I had started updating the single page and soon it had grown to four pages. These pages are about 6,000 words each. I add more and more information, and once back home, Jennifer gives me access to more evidence so I can explain to her any issues I see from a recreational diving perspective. The Queensland case and the inquest are looking worse and worse, I am starting to be embarrassed about what has happened.
Eventually I have updated the web site with all the information I have access to. I decide to start digging deeper into the information I have. I decide to try to work out things like how much air Tina used and a timeline of all the divers involved in what happened.
Working out the air consumption is important as it is a good pointer to the strength of the current and if Tina was panicking as I suspect. I am astounded to see that the Police appear to have not already done this and then to see that her average consumption for the dive is over four times what I would use.
The next thing I discover is that the only eyewitness to part of what happened, Dr Stanley Stutz, could not even have been under the water when Gabe and Tina parted. I had always suspected that what he saw was not Gabe and Tina, but this is confirmation to me.
I add some graphs and tables to show these new revelations.
Jennifer asks me one day what am I going to do with all this information. I respond that I have no idea, but I would like to somehow let Gabe's lawyers know about my web site. She agrees to pass on the email address for Gabe's father. I email him and tell him about the page I have on my web site. He responds that he was "already aware of my writings".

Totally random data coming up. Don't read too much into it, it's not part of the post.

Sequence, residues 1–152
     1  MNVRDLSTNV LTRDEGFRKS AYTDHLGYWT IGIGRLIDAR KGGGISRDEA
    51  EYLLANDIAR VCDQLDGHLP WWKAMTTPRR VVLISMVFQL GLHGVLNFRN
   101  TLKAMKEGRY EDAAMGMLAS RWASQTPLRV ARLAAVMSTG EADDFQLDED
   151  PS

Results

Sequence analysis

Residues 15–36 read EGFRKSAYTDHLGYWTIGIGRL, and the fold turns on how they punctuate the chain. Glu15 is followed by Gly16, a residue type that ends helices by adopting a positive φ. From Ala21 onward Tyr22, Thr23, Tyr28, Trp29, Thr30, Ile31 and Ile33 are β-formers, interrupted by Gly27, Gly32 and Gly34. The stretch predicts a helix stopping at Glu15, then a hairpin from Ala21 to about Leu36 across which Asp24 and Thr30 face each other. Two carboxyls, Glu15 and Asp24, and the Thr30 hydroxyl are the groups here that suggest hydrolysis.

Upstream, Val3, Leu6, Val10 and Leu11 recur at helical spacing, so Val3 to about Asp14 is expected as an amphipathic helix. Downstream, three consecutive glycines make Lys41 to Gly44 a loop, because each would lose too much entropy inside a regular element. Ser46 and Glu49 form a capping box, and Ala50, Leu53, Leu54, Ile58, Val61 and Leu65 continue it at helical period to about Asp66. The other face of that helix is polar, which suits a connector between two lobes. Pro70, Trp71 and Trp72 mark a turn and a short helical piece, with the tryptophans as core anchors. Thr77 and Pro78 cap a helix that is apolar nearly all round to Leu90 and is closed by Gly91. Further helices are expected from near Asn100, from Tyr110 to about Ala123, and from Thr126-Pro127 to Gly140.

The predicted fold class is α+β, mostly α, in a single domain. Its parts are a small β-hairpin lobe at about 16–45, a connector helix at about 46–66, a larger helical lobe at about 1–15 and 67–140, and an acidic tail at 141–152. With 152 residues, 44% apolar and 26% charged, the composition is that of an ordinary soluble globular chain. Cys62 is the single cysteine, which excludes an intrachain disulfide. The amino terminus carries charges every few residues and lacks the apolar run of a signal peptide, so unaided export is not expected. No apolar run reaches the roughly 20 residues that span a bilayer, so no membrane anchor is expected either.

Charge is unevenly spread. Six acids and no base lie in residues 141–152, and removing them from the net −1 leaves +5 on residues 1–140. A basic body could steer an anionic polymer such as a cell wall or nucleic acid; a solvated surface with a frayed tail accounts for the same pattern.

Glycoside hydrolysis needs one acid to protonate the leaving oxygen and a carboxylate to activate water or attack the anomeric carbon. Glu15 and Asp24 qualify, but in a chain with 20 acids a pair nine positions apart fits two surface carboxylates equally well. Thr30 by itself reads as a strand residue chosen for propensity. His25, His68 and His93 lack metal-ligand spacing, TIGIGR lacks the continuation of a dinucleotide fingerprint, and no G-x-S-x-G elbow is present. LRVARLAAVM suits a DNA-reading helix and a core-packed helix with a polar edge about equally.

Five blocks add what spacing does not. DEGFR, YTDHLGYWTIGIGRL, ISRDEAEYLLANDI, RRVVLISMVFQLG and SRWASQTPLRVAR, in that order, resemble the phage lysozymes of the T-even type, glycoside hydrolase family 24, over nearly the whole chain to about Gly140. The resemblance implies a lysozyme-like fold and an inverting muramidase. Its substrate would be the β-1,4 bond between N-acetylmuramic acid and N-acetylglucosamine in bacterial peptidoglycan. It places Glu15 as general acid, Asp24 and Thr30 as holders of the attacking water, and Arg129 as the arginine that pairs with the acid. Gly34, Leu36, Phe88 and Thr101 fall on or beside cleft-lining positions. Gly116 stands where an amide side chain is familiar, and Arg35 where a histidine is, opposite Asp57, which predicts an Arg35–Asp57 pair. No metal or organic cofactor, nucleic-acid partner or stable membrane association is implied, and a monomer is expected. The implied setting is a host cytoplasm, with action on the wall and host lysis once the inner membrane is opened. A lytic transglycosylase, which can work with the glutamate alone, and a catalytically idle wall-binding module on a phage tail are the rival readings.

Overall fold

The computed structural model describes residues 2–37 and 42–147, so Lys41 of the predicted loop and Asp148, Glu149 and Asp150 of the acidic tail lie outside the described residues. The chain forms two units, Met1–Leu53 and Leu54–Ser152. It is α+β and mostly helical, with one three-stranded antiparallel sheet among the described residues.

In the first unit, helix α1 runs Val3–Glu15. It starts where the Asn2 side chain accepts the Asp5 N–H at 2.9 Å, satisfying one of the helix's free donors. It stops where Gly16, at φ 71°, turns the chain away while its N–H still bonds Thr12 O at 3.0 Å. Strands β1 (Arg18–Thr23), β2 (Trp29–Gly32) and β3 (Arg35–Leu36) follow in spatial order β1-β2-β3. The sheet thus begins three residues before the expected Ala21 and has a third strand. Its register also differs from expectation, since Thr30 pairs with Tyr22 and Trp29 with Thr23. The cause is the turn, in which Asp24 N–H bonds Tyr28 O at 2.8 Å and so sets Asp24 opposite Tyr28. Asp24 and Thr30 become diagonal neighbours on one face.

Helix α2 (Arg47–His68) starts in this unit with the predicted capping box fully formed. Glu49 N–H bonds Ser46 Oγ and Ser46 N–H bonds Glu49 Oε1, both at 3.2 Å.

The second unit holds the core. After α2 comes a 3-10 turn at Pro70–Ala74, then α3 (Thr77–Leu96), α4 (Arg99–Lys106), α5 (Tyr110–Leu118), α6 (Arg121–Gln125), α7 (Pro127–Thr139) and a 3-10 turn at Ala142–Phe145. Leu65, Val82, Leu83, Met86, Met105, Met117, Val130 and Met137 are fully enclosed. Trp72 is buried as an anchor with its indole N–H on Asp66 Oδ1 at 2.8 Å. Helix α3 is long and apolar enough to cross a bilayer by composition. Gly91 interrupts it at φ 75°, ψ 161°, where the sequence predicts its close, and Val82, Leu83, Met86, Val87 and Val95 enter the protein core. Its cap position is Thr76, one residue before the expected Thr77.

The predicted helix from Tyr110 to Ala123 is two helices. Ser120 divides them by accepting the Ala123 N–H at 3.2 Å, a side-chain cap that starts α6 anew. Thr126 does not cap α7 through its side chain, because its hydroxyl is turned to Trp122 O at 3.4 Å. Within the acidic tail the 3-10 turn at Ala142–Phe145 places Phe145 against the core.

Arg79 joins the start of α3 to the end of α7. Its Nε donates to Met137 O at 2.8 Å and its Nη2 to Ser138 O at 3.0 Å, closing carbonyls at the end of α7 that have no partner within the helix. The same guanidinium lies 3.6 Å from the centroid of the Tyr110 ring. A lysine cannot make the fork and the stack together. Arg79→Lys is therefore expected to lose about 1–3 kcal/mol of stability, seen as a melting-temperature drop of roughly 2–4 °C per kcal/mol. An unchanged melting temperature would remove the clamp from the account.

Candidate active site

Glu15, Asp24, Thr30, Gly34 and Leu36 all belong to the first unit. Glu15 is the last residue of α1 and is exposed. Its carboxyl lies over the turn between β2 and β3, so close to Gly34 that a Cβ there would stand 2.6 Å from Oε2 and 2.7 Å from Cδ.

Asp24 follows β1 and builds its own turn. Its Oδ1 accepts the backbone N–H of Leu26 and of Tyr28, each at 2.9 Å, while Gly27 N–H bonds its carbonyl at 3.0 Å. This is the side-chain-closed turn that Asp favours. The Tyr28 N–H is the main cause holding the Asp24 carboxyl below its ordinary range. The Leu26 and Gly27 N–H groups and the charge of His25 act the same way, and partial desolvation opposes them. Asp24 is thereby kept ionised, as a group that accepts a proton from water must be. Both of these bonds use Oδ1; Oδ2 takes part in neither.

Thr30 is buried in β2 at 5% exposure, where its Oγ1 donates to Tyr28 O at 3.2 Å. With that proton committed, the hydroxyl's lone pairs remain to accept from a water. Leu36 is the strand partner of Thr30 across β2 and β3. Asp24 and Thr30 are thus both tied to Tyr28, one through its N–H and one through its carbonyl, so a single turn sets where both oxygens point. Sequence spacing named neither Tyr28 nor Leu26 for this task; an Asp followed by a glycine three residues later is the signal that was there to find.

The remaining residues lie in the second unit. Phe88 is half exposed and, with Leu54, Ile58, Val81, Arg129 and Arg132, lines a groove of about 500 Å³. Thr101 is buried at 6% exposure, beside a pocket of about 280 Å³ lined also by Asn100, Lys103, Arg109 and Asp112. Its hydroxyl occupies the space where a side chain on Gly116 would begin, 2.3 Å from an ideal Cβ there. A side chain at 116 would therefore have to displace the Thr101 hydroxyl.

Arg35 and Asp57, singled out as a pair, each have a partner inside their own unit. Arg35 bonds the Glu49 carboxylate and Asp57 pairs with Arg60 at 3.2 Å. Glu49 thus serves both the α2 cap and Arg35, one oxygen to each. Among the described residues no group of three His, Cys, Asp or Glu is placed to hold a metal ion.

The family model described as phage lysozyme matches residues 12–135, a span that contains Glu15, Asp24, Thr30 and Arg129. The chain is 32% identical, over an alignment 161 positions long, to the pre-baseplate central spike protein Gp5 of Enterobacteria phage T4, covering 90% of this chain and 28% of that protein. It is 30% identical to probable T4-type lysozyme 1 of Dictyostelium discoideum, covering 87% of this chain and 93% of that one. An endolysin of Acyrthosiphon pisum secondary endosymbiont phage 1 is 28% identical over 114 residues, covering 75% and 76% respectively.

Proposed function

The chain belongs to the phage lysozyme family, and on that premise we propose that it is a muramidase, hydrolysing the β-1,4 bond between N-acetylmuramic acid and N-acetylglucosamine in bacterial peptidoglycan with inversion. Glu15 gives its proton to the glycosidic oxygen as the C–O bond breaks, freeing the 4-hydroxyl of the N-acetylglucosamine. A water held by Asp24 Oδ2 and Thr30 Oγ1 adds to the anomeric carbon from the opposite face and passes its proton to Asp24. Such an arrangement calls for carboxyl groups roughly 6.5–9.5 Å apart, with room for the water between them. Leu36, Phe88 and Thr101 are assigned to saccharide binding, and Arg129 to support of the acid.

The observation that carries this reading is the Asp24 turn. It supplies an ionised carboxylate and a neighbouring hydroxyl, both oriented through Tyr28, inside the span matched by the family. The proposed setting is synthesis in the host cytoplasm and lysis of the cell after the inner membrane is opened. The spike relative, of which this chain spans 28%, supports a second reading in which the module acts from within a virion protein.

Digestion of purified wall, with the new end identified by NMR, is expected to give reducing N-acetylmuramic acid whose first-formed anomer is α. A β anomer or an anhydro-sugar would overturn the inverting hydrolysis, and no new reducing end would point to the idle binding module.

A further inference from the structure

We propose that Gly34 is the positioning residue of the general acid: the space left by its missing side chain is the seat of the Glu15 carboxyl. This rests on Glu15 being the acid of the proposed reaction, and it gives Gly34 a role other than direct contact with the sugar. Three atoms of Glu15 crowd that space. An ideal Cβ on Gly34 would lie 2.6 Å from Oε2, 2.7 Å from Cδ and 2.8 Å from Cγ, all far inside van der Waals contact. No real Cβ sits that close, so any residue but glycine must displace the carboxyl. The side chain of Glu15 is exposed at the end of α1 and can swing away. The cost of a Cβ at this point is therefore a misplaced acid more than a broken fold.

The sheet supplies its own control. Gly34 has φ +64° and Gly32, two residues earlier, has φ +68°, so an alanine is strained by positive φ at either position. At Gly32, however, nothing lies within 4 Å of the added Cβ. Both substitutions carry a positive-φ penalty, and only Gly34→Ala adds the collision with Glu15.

Over the coming months I refine the pages, adding more information as I continue to trawl through the inquest papers and a few witness statements. I am more convinced than ever that Gabe is innocent.
In November 2011 I am contacted by a private investigator working on behalf of Gabe's lawyers. The court has approved an independent investigator to look at the evidence and he has been allocated this task by the lawyers. He calls me a few days later and we talk for well over an hour.
I am then asked if I will appear at the trial as an expert witness. This is an unexpected twist in the saga! I had never thought that it might come to this. They tell me that Carl Edmonds has already agreed to appear. I think about it and decide that probably no-one outside Gabe's lawyers knows the evidence as well as I do and certainly no experienced diver has the knowledge of the case that I do. It would be impossible to find someone else that could come up to speed with the intricacies of the case in the time left before the trial starts on February 13.
I advise that I will attend. I will have to take leave from work but at least my expenses will be paid.